3. #3
    Linux Engineer rcgreen's Avatar
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    So I started fdisk /dev/sda
    deleted the 5th FAT32 partition (/dev/sda5), added a new ext3 partition.

    After this action I got this table:
    /dev/sda1 * 1 7649 61440561 7 HPFS/NTFS
    /dev/sda2 7650 38913 251128080 f W95 Ext'd (LBA)
    /dev/sda5 11474 11535 497983+ 82 Linux swap / Solaris
    /dev/sda6 11536 14598 24603516 83 Linux
    /dev/sda7 14599 38913 195310206 b W95 FAT32
    /dev/sda8 7650 11473 30716248+ 83 Linux

    OK, I thought my new linux partition is /dev/sda8, so I formatted it:

    # mkfs.ext3 /dev/sda8
    Here's my guess.
    You rewrote the partition table, and formatted the partition, without
    rebooting. Since the partition table was not in sync with the running
    system, it formatted the FAT32 partition to EXT3. Fdisk still says
    it is flagged FAT32, but it is now formatted EXT3.

    So, yes, you formatted the second FAT32 partition to EXT3
    and the first FAT32 partition remains FAT32.

    Whether you can recover, I don't know.

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  5. #4
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    OK - try and step through what happened.

    When you issued a formatting command was when it was aimed at /dev/sda8.
    The new (as yet un-adopted) partition table would have intended to hit the space 7650 thru 11473.

    BUT, the command mkfs.ext3 /dev/sda8 was asking your system, (still using the OLD) partition table, to format the space between 14599 up to 38913.

    Then you reboot. All the numbers get put into the new straight sequence. Your fstab no longer makes any sense after sda5. I think the partition you re-formatted was the original W95 FAT32 /dev/sda8 being 14599 up to 38913.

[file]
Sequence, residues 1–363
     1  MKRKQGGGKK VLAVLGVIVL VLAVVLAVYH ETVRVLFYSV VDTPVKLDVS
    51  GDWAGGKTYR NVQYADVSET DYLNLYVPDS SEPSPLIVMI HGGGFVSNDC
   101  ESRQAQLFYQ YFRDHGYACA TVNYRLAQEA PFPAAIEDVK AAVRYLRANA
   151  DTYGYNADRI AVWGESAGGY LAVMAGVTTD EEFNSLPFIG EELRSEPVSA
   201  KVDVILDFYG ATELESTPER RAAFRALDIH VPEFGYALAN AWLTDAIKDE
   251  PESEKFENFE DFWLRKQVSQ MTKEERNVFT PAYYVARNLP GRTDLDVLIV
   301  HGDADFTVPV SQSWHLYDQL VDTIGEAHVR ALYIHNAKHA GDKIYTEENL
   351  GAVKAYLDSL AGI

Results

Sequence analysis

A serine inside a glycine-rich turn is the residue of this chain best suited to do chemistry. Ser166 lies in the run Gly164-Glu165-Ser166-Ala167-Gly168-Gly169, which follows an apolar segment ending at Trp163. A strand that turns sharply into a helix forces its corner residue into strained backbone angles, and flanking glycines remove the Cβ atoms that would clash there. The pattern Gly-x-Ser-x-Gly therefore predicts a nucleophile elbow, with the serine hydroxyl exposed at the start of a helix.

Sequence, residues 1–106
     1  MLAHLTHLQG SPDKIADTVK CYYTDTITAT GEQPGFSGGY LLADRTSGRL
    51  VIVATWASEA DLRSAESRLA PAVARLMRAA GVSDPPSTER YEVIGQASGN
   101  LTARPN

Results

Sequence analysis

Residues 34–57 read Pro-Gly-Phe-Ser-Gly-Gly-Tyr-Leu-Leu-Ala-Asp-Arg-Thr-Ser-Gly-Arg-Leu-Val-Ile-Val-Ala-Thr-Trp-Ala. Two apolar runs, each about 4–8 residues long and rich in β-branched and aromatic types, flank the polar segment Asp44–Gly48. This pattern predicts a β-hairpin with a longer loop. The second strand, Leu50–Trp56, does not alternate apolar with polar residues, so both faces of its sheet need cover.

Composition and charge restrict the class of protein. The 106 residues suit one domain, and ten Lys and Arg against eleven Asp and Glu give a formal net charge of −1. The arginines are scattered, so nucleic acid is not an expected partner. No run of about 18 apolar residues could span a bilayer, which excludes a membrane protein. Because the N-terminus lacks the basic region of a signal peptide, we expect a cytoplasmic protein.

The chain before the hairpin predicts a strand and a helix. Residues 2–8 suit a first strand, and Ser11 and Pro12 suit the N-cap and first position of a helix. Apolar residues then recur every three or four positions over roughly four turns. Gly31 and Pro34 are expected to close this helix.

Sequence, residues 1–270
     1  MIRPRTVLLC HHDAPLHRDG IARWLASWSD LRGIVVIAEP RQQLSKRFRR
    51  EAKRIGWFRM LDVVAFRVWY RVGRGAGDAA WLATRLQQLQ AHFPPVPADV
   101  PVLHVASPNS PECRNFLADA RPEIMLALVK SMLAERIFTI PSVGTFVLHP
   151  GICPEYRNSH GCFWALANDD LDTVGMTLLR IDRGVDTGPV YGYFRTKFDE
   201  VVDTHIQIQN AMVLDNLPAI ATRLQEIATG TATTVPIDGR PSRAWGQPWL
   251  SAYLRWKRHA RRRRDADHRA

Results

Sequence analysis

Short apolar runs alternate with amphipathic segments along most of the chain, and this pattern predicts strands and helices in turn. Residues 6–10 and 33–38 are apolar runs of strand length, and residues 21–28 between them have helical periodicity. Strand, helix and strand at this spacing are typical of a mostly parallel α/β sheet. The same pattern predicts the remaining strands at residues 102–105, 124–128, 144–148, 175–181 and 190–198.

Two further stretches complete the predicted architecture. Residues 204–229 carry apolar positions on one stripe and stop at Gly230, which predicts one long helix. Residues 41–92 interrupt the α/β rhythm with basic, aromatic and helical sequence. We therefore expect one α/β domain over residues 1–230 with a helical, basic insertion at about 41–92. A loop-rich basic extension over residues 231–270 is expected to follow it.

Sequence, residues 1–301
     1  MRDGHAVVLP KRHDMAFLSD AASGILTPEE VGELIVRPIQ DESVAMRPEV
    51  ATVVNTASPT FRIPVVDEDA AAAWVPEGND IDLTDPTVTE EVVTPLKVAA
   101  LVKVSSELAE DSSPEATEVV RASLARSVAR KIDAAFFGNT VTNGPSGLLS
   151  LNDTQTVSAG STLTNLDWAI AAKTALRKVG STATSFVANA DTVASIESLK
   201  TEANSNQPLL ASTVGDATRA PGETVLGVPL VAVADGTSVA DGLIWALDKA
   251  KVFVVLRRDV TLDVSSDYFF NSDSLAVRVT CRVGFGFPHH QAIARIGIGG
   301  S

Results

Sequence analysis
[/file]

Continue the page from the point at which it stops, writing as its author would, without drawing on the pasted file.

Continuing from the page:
So - follow the route. Open a root terminal. Be careful !!
    use command fdisk -l
    Check out the present state, regardless of what is in /etc/fstab, nor what is in /boot/grub/menu.lst.
    Be curious as to what is in /boot/grub/device.map
    Curse quietly that the grub folder is littered with files.mod, each with a music play icon (Ubuntu!)
    Create a bunch of folders anywhere you like (e.g. in /home/recovery)
    Name them sda1, sda5, etc. (leave out sda2, sda3, sda4)
    Now mount them, one by one.
    #mount /dev/sda1 /home/recovery/sda1 .. and so on.

    You may get "wrong type" objections. You may have to modify the mount command to something like ..
    #mount -t ext3 /dev/sda6 .. and try out various valid types.

    If you can mount them, you can recognize what is in there and start sorting it out.

    As for the ex sda8, (now maybe looking like empty space). Look to fsck and Google is your friend. This inadvertent format may be undo-able. Even if you can't, you may still be able to get at most of what you want.
    Here is a link to a posting from someone who recovered all their digital photos -> Debian-User: Re: Undo of mkfs - urgent

    Be aware that the ext3 format operation is very destructive, since it zeros out the inode table as well as the journal. If what was on that partition was especially valuable, you can use the "dd" command to copy out the whole partition image to someplace where you can start data recovery. That said, you are warned right now, that if ever there was a command with more destructive power than "mkfs.ext3", it is the "dd" command used wrongly. You just HAVE to read up, and be quite sure it will not hurt everything nearby you forgot to protect/backup.

  6. #5
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    Thanks the answers!

    Yes, I'd have read that notice of fdisk, after I had written tha partition table, that I'd reboot in order to get the kernel detect my new partition table.

    Fortunately I've got everything backuped, but it gonna take a lot of time to restore.